A population modification gene drive targeting both Saglin and Lipophorin disables Plasmodium transmission in Anopheles mosquitoes

E. I. Green, E. Jaouen, D. Klug, R. P. Olmo, A. Gautier, S. A. Blandin and E. Marois,  bioRxiv,  2022.07.08.499187. 2022.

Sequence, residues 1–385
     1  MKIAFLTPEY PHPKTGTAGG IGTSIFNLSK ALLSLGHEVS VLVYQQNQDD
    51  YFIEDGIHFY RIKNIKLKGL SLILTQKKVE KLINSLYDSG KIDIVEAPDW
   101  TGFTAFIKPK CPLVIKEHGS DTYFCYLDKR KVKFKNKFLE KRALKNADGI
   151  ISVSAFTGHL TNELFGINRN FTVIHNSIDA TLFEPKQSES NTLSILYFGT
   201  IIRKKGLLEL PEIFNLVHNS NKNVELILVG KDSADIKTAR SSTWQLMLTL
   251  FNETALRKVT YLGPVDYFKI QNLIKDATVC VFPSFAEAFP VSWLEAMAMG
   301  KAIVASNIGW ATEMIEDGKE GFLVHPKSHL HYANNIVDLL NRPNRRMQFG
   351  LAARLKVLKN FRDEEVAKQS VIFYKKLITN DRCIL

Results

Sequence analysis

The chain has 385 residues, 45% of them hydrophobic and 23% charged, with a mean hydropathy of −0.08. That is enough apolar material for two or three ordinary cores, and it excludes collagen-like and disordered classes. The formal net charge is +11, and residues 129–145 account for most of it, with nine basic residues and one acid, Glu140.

Lipophorin is an essential, highly expressed lipid transporter protein that is secreted and circulates in insect hemolymph. We hijacked the Anopheles gambiae Lipophorin gene to make it co-express a single-chain version of antibody 2A10, which binds sporozoites of the malaria parasite Plasmodium falciparum. The resulting transgenic mosquitoes show a markedly decreased ability to transmit Plasmodium berghei expressing the P. falciparum circumsporozoite protein. To force the spread of this anti-malarial transgene in a mosquito population, we designed and tested several CRISPR/Cas9-based gene drives. One of these is installed in, and disrupts, the pro-parasitic gene Saglin and also cleaves wild type Lipophorin, causing the anti-malarial modified Lipophorin version to hitch-hike together with the Saglin drive. Although producing drive-resistant alleles, the Saglin-based gene drive reached high levels in caged mosquito populations and efficiently promoted the simultaneous spread of the antimalarial Lipophorin::Sc2A10 allele. This combination is expected to affect parasite transmission by two different mechanisms. This work contributes to the design of novel strategies to spread antimalarial transgenes in mosquitoes, and illustrates some expected and unexpected outcomes encountered when establishing a population modification gene drive.

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